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Did Sudan’s autumn come too soon?

12 7 0

We rejoiced and had high hopes for the revolutionary movement in Sudan, which overthrew the head of the tyrannical authority, Omar Hassan al-Bashir. It is a great achievement for the Sudanese rebels who refused to leave the streets until their demands have been met. They learned the lesson from the Egyptian revolution and fully grasped it, chanting the slogan, “Either victory or Egypt”. We have become an example for people to learn from, and this is not bad or harmful, but rather beneficial to others. Apart from the national strife, ethnic conflicts, and the chauvinistic positions taken by some of the Sudanese people who have disowned the first failed Arab Spring revolutions and tried to remove their revolution from its Arab surroundings, motivated by the distinction each country has, the revolutions teach each other. Moreover, we are a united nation, brought together by a single culture, religion, and joint history. However, unfortunately, we have been divided by colonialism into rivalling countries and peoples suffering from the same illnesses surrounding the nation. We are suffering from the same symptoms and feel the same pains. Therefore, the treatment to our illness is the same and there is no room for complacency and defiance against each other, or for uprooting our roots that run deep in the Arab land.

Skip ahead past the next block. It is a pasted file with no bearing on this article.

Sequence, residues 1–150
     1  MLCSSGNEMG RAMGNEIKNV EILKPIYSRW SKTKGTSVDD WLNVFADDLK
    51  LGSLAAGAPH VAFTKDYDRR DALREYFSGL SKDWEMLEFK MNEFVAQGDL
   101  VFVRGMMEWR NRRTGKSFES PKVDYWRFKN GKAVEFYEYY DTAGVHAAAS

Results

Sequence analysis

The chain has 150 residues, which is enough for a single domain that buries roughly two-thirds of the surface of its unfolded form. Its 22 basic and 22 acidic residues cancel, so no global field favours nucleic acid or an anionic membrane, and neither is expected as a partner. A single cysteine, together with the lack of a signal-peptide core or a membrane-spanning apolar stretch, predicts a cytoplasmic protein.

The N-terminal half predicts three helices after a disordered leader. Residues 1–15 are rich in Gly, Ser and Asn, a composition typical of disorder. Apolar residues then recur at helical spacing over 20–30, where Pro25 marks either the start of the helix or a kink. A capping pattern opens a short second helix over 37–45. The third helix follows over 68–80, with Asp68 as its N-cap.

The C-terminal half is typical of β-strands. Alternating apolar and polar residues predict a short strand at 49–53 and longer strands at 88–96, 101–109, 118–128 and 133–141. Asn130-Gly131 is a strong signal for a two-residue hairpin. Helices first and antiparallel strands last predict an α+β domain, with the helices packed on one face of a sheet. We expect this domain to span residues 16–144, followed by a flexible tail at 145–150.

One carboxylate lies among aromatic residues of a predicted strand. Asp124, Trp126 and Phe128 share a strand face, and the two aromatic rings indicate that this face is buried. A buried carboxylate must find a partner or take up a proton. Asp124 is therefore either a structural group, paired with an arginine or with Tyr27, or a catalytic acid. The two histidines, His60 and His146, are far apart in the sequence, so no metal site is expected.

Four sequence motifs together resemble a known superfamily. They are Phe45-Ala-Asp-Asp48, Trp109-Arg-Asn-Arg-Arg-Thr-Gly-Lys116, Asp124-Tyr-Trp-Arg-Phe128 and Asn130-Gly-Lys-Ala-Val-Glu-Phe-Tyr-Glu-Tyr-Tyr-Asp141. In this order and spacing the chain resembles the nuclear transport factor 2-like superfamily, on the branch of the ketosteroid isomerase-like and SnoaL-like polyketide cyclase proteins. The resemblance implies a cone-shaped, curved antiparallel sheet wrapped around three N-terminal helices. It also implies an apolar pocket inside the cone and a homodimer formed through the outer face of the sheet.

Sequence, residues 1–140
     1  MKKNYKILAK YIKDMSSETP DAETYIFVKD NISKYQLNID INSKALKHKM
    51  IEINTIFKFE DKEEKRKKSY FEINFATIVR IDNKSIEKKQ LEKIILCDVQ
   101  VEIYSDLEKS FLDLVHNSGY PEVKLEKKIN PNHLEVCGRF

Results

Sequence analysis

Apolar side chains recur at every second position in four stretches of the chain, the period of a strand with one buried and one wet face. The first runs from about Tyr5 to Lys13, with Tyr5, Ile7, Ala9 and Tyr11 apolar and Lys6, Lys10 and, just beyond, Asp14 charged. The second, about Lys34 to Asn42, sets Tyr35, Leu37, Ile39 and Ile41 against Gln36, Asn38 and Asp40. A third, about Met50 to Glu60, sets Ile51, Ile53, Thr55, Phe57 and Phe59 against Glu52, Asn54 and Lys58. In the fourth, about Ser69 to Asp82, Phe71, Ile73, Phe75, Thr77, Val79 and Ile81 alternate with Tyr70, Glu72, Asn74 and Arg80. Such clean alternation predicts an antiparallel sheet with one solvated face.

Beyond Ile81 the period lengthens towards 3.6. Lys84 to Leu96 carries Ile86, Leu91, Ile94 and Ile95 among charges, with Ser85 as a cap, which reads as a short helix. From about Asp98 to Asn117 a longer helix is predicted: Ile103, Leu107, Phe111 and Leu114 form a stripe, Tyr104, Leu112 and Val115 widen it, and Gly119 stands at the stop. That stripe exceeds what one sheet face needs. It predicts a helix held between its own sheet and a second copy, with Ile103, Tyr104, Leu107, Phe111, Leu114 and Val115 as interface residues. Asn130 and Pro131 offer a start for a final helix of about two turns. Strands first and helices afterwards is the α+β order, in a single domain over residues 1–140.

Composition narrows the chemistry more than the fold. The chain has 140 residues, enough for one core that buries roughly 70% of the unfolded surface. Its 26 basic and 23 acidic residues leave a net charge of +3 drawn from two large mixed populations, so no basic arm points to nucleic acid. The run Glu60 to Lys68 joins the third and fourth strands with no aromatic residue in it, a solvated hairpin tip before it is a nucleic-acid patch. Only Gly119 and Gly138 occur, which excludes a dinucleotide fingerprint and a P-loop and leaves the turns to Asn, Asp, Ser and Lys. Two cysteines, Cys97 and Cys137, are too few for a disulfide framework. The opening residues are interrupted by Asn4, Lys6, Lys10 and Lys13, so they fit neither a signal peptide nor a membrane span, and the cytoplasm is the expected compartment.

We, as Arab peoples, must confront the truth and not run away from it. We are still under the control of foreign colonialism and our countries are still occupied and managed by its proxies, who are our own people and who are more brutal and violent than our colonisers. Yes, all of the Arab countries, with no exception, are under occupation. What has been said about the post-independence era is the biggies lie in history, and these Arab revolutions are only links in a long history of the Arab people’s fight and struggle against the foreign coloniser to gain our independence. Once we have done so, we can govern ourselves, and this will not happen until we obtain complete freedom and eliminate the colonisers’ agents, brothers, and factions, from government, rather than replacing one tyrant with another.

What had happened in Sudan is that the military quickly jumped on the revolution in an attempt to abort it, after it was confirmed that it would be impossible to stand in the way of the human flood that called for the overthrow of Al-Bashir. Therefore, the army believed it necessary to sacrifice Bashir in order to keep its grip on the country by means of Awad Bin Auf and then Abdel Fattah Burhan. It seems that it learned the lesson from the Egyptian revolution and took a short cut, quickly taking measures and reducing the time,........

© Middle East Monitor